Food for Thought

Eriko in my last post Linked this video.

Very very interesting. Part of me wants to totally disagree with this concept, but on the other hand it gives some VERY compelling examples.

Also yours truly writes a blog for free during his time off.

On my behalf, if I was recruited to write for some media source, I would only do it if I was paid a significant sum, because right now I choose when I write and what I write about. If tomorrow I don’t feel like typing something out or re-posting something, no new materiel for you, and you have no recourse, because you read this for free, and I’m my own boss. To add a boss, it would significantly decrease the enjoyment of this, as well as if I became an entrepreneur and was my own boss, and now my readers were paying customers. I don’t feel like writing one day, paying customers might pack it up and let me dangle.

I’m also a little disappointed that there is no time spent explaining why or theories why the higher incentives don’t work for intellectual tasks.

Could it be that crux between art and science? If I need to build a box, or haul a load of wood, or mow my lawn, its either done or it isn’t. If I need to write a post, if you force me when I’m not feeling it the end product is going to suck, meanwhile if left to my own resources I’ll only produce better quality work…or nothing at all. Maybe some incentives could increase that efficiency, but there might come a breaking point where it is simply pushing too hard to get the money’s value in end product.

What do you think? And Eriko, thanks for the link!


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0 Responses to Food for Thought

  1. alan says:

    HAH! The guy says the Federal Reserve isn’t Socialist.

    A National Central Bank is one of the 10 planks of the Communist Manifesto. The Fed is, by it’s very nature, a socialist institution.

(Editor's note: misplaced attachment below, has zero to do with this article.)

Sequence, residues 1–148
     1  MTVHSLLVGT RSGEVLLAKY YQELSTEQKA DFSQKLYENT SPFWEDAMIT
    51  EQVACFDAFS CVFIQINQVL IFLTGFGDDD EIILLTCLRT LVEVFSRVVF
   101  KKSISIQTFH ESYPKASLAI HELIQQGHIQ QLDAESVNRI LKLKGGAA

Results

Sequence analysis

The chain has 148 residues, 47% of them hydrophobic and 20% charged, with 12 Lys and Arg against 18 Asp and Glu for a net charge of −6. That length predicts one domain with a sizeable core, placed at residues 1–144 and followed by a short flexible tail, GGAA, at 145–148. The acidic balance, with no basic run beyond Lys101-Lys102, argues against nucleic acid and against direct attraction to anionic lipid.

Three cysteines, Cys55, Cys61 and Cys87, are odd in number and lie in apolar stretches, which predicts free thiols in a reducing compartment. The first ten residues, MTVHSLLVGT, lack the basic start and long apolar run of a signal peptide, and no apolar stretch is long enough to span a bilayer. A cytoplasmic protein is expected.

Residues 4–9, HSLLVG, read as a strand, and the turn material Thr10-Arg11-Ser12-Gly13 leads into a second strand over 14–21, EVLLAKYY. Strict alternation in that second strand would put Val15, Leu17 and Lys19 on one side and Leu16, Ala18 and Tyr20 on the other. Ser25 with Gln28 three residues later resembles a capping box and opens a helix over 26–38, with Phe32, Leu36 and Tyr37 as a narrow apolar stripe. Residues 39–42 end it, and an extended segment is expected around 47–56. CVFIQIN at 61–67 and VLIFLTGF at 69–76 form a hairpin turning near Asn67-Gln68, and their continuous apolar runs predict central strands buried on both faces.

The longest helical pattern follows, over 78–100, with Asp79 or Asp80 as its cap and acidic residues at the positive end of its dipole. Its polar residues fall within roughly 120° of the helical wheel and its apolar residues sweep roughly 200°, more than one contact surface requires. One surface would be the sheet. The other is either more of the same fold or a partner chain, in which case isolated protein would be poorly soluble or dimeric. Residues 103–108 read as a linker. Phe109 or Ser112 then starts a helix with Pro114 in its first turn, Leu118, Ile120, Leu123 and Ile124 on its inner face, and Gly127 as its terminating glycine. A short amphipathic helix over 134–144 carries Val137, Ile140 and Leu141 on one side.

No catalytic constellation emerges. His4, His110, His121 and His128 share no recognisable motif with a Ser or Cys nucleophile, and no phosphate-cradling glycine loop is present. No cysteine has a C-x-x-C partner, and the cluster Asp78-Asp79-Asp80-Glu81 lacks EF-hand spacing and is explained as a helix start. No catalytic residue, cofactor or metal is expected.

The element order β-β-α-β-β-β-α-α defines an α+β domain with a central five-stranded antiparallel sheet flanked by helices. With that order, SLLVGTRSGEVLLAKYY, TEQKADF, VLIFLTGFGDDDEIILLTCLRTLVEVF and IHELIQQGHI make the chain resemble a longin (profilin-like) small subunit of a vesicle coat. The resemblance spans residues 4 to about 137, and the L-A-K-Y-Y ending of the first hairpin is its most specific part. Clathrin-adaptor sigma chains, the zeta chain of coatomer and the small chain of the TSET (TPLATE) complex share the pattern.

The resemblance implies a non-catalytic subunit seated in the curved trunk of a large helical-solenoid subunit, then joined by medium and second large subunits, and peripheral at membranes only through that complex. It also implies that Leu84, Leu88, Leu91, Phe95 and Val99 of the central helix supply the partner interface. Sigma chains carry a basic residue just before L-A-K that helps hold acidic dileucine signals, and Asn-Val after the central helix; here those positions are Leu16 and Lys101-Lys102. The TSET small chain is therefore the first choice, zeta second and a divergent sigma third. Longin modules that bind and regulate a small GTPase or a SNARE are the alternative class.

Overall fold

Unfortunately he’s talking about a utopia.

    And you know what kind of hell holes come from people looking for utopia.

  2. ZerCool says:

    Ok, I only watched part of the video but I think I caught the high points.

    And you are spot-on about having a boss taking the fun out of it.

    I used to be a pretty fair photographer. I’d get the muse, take some pics, and enjoyed it.

    A friend/coworker asked me to shoot their wedding, and I did. Had a great time doing it, made a little money.

    The next summer, one of their friends emailed me out of the blue and asked me to shoot their wedding. We got together and nailed things down, and I did the wedding. Had a good time, made some money.

    Later that summer a friend of theirs emailed me and asked me to do their wedding. Again, nailed things down, and I did the wedding. I was … not into it. The pictures came out well, I made some money.

    I haven’t really had the muse since. As soon as my passion became a job, the fun was gone. 🙁

  3. Newbius says:

    Autonomy also means you have the right – the obligation – to say no.

    I actually think the video nails the concepts of human motivation pretty accurately. If you analyze your motivations for changing careers paths or employers, and it is because of satisfaction issues, it may just be that one of the three main factors is missing. Fix the factor, and the job might actually be something you want to do. At the moment, the balance at my job is off, due to both money and purpose. Pay got cut, and purpose got lost above my level. Easy enough to fix…and I would again be one of their top performers. As it is, I am looking for a different position…

  4. eriko says:

    Further reading
    There is nothing special about the paper. It is just an example of some the research into how people deal with money that is along the ideas of the video and was the results of a little googling.

    And a further example from the same guy in the video. Fair warning the guy was a Gore speech writer. A good speech writer is good at assembling others ideas into to something that most people can “get”, it is their job. So don’t shoot the messenger he just regurgitated others work in a palatable form. The results themselves are the interesting part.

    One the entertaining results of this kind of research is when currency (tasks were payed for in metal washers, the washers could be exchanged for treats like grapes) was introduced into a caged colony of Capuchin monkeys prostitution emerged (metal washers for sex)

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